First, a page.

Meanwhile, continuing the focus, a free Centre for Climate Justice conference looking at Just Transition takes place at Glasgow Caledonian University tomorrow, Wednesday, with Stop Climate Chaos Scotland (SCCS) chair Tom Ballantine among the speakers.

UNISON is part of SCCS. Do please email your MSPs for a stronger climate Bill and/or arrange to meet your MSPs. Easy info on how to do both is here.

And watch this space for more developments as the STUC steps up work around energy and climate change, including considering how workers’ pensions might help address societal challenges including climate change.

As Francis Stuart concludes in SLR, “Scotland’s unions are clear that tackling climate change is a moral, social and economic imperative and Scotland must play its part in reducing emissions. However, meeting targets must ensure that workers and communities benefit and manufacturing is not simply offshored.

“A genuinely just transition, addressing fundamental questions of ownership, is the only way in which we will move to a low carbon economy while building a more equal economy and society.”


Thursday, 10 January 2019

Added Value

Public provision of services offers excellent value for money. The latest report into Money and Welfare Rights Advice services in Scotland shows that every pound invested in these services gets clients an extra £21-£24. These are significant gains for people who are already on very low incomes.

Not only does this make a significant contribution to clients’ household incomes it also improves their physical and mental health. Increasing their income means they also have money to spend supporting local businesses. So these services benefit the wider economy as well. It is essential that local authorities have sufficient funding to ensure the continued provision of vital service like Money Advice.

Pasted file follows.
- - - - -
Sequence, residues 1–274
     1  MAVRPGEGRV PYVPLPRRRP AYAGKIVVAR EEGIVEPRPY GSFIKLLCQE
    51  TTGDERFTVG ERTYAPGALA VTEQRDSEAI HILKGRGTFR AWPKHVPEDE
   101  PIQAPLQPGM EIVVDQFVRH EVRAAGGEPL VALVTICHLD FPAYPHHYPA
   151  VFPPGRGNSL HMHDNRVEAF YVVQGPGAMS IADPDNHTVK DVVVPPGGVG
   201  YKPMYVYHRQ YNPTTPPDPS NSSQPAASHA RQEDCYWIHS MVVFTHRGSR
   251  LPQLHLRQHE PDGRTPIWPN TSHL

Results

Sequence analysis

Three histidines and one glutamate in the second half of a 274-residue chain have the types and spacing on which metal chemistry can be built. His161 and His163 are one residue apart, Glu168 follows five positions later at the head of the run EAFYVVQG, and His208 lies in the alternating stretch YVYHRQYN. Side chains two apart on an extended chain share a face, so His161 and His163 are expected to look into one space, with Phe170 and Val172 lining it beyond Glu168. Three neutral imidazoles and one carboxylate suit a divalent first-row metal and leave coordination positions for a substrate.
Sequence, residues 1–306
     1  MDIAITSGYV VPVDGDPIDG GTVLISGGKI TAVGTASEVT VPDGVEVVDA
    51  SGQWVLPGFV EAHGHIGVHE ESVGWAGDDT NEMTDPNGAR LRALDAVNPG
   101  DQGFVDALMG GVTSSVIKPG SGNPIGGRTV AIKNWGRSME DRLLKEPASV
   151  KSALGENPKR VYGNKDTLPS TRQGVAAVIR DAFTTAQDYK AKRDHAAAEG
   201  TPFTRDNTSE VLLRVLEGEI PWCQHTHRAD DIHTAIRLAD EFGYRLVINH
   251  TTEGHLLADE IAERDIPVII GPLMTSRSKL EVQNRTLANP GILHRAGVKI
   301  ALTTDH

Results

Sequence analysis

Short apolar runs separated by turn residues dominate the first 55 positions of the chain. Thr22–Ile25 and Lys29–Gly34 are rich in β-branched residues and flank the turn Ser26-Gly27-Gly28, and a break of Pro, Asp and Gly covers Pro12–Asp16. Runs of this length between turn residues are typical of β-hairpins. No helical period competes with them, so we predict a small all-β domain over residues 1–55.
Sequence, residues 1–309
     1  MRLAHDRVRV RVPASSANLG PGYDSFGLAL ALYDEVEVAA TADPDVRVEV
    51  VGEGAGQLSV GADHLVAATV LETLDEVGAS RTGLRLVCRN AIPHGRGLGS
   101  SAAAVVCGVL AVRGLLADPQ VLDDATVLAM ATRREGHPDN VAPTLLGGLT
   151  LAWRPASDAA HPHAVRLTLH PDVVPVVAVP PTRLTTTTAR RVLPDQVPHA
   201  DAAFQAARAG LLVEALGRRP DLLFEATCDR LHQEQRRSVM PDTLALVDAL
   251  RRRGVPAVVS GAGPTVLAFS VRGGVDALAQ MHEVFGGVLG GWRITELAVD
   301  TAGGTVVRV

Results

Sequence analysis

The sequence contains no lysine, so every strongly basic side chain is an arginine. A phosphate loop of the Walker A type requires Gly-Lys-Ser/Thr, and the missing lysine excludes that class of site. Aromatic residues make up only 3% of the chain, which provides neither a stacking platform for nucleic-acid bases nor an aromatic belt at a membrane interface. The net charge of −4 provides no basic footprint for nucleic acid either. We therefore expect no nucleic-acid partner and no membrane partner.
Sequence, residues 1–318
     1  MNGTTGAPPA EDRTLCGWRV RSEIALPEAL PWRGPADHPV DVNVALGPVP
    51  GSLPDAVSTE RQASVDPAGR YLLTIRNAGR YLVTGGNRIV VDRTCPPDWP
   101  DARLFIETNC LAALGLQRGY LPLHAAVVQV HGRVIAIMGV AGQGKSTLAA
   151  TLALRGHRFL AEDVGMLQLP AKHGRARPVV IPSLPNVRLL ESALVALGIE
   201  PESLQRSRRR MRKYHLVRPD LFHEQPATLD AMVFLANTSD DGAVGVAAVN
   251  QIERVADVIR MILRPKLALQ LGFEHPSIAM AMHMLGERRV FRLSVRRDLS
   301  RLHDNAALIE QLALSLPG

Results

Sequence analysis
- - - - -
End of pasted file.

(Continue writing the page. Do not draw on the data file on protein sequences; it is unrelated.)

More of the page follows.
Key findings

Local authorities spent £25.76m on welfare and money advice services. This includes 32 services directly provided by authorities and 85 via external organisations. These services are delivered by 486 (FTE) local authority staff, 386(FTE) external staff and 412 (FTE) volunteers. This work not only impacts positively on the finances of service users it also improves their general health and well being. The total financial gain for service users was £624.7m

Who uses these vital services?

  • 38% were permanently sick and disabled or suffering a short-term illness or injury
  • 25% were in some form of employment while 11% were unemployed and seeking work
  • 28% of service users had disposable income of less that £6,000, 55% less than £10,000 and 88% less than £20,000. Median household disposable income in the UK is £27300.40

Money and Welfare Benefits services make a huge contribution to people’s health and well being. This is just one example of vital services which are currently at risk due to cuts to local government budgets. Local authorities need adequate funding to ensure they can deliver the services that citizens need.